Jedidiah Hogan

Jedidiah was born on November 2nd, 1994 in a home birth in his family’s apartment in Erdenet, Mongolia – the first foreign baby ever born in the city. Jedidiah was born into a YWAM family to Brian and Louise Hogan serving on a multinational YWAM church planting team in Erdenet.

His birth ushered in a horiffic time of spiritual attack against the YWAM team and the fledgling Mongolian church. For the next two months they were battered on a daily basis by the enemy. Finally, beginning on Christmas Eve, 1994, the attack culminated in two deaths, a young Mongolian believer and Jedidiah.

Jedidiah was just under two months when he died of SIDS. It was these deaths that ended up being the motivation for the church to fight back and have victory over the kingdom of darkness. The story is told in full in "There’s a Sheep in my Bathtub" by Brian Hogan.

If you want to "visit" Jedidiah’s grave (on google earth), the GPS coordinates are:

49 07.468′ N, 104 09.806′ E

2 thoughts on “Jedidiah Hogan”

  1. Someone said, "Throughout the ages, whenever the Kingdom advanced, someone first had to pay a terrible price."
    For our family and YWAM team, that price was the life of our firstborn son. Yet out of that Christmas of pain and grief and questions came the fruit of a reproducing indigenous Mongolian church planting movement that continues to plant new churches, even across cultural lines today! Worthy is the Lamb who, with His blood, bought men for God from every tribe, people, and nation. He is worthy of any price to see the nations praise him.
    And Jed agrees. He awaits us in heaven, glorifying the Lamb.

    Brian Hogan, Jed’s daddy

    YWAM Church Planting Coaches, Arcata, CA

  2. This is a comment about what seeing a family grieve meant to Mongolian friends…

    After the loss of six month old Jed Hogan in Mongolia at Christmas time.

    Baika a Mongolian friend speaking,… “My friend shared about the horrible shock of the news of Jed’s death that came during the Christmas party. She also told us about the gathering at your home after the burial and the memorial service. As she told us what you (Brian) had shared and how you and Louise had responded to this tragedy, we began to weep. My own hard heart melted as I cried.”

    Brian, “That means a lot to me. We all cried a lot that Christmas.” I assured Baika.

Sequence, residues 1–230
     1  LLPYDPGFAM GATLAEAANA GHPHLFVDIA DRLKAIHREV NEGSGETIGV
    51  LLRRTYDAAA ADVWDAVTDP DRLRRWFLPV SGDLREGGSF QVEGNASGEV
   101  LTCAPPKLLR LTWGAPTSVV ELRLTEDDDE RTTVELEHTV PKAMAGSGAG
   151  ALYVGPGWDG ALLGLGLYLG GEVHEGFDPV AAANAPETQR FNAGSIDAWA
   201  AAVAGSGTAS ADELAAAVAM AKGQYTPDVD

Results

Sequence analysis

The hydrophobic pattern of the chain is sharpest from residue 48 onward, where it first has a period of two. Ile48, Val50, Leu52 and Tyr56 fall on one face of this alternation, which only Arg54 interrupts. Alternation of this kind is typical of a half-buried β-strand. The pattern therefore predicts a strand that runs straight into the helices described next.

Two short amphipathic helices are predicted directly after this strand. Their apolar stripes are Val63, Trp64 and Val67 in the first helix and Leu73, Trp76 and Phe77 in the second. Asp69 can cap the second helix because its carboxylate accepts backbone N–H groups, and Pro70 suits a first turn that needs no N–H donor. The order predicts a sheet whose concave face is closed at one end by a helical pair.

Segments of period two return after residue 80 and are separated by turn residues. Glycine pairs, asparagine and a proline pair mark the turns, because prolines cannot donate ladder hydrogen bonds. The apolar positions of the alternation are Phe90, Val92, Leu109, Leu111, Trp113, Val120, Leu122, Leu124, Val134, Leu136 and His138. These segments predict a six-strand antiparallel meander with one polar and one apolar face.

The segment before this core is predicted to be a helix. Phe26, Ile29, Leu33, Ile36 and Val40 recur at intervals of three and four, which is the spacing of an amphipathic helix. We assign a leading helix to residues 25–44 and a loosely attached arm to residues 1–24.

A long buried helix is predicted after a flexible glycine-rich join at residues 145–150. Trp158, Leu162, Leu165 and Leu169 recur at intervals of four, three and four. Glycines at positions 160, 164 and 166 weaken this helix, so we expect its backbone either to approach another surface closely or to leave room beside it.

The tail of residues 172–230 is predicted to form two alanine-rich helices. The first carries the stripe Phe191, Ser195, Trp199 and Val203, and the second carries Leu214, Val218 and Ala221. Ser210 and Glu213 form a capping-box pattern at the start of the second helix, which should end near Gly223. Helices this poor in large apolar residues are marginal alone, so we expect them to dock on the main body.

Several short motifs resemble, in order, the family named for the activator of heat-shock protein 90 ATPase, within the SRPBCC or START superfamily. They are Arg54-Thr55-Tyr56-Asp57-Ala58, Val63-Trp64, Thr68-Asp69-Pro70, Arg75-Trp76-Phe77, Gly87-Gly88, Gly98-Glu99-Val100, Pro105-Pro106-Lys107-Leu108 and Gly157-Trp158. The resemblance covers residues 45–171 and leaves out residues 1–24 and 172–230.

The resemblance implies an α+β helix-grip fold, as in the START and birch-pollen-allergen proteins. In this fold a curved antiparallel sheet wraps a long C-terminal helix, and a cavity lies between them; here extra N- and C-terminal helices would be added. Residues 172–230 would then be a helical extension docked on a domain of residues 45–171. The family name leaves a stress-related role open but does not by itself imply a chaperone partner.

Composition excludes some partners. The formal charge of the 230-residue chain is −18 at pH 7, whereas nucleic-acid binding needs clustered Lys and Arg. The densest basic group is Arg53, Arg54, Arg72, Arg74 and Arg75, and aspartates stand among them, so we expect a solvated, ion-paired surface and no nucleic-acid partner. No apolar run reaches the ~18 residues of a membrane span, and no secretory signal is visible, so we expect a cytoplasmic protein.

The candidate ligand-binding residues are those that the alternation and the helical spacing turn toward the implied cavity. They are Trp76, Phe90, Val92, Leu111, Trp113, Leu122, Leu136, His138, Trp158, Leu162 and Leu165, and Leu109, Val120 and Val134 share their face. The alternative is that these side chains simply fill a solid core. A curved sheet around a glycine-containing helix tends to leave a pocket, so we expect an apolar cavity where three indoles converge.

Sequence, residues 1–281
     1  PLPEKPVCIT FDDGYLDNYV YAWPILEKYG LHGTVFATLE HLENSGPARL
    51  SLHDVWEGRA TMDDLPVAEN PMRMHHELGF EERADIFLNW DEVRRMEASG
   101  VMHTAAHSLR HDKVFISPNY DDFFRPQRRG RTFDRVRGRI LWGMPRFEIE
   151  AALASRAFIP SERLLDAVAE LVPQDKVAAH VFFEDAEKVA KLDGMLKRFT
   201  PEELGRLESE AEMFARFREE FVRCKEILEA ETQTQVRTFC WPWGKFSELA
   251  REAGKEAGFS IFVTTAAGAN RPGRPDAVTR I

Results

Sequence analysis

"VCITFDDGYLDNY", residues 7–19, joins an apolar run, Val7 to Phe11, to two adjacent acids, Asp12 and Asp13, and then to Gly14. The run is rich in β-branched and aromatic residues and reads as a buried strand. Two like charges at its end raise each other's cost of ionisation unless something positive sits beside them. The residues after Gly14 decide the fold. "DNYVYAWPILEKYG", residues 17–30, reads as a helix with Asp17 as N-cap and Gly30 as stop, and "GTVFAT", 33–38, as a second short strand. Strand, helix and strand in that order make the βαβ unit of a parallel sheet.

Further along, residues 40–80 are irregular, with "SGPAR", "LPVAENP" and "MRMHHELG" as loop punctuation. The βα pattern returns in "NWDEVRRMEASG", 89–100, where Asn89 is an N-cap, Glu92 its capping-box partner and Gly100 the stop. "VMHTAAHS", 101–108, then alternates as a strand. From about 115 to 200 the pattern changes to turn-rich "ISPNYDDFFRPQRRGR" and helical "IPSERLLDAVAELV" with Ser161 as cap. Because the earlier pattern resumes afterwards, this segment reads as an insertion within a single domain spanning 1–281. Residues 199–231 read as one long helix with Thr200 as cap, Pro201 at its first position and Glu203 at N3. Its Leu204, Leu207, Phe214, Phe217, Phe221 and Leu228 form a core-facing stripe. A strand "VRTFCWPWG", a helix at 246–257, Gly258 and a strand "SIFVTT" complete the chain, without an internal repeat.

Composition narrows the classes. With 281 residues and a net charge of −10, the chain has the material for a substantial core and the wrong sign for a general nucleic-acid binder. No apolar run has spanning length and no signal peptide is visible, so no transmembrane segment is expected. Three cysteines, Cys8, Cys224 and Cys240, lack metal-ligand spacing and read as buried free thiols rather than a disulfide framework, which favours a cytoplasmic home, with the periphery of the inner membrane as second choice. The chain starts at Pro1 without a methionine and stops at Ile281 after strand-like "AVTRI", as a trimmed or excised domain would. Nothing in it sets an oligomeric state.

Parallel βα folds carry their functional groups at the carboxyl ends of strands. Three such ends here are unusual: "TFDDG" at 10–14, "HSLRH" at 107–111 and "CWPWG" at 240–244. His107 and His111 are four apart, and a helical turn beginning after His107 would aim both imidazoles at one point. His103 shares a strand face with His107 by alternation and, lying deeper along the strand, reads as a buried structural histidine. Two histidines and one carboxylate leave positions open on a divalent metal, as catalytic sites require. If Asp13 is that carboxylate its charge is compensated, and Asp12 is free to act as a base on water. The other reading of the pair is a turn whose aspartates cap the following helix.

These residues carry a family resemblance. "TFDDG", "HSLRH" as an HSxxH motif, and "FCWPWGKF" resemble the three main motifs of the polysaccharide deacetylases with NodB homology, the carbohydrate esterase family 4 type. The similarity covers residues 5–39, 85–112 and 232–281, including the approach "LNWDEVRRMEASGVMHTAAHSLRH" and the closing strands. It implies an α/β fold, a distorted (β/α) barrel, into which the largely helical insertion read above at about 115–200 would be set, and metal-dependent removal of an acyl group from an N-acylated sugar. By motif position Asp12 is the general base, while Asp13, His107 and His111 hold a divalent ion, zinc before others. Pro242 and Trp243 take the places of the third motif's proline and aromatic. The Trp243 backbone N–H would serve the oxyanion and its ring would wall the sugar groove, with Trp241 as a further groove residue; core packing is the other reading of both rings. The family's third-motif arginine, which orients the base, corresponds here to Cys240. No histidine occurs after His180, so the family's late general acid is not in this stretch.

Baika, “That is not why we were crying though. We were crying at our understanding through your grief.”

    Brian, I was completely confused, ‘What…?”

    “Your grief over the death of your son was the most miraculous thing I have ever experienced”, Baika explained.

    As he said this, the memory of several of the believers in Erdenet saying something very similar when we saying our goodbyes a year and a half earlier came rushing back to me. I had quickly forgotten their statements about our grief being a miracle because it made no sense to me. I had felt that my grief, which I couldn’t hide, was a bad advertisement for the Kingdom. I had begged God to allow us to grieve in private with family, and had been completely puzzled when He (God) had made it clear to both of us that we were to stay in Mongolia during the worst months of mourning. I began to get a strange buzzing sensation as if I were about to open a door into a room filled with mystery.

    “Could you please explain that for me, Baika?”

    “Brian, you can’t really understand what it is like for Mongolians. In your country, everyone seems to believe in life after death. But in Mongolia, no one has any hope for this at all. When loved one die, they are gone forever! You will never meet them or see them again. Mothers in my country sometimes lose their minds when they lose a child.

    But you were different. You were the first people we had ever seen, or even heard about, who grieved with hope. It came across in what you said, about going to where your son is, even if he wasn’t returning to you here, in the song you taught during the funeral meal at your flat, and your statement of faith you made at Jed’s memorial service. You were being watched, then and over the months that followed. Seeing you and your family grieve with hope filled the gaping hole that always been in every Mongolian heart. When I heard about your grief, I knew it was all real. The Bible, Jesus, heaven, all of it. That’s why we were weeping on New Year’s Eve— we had just had our faith confirmed. “

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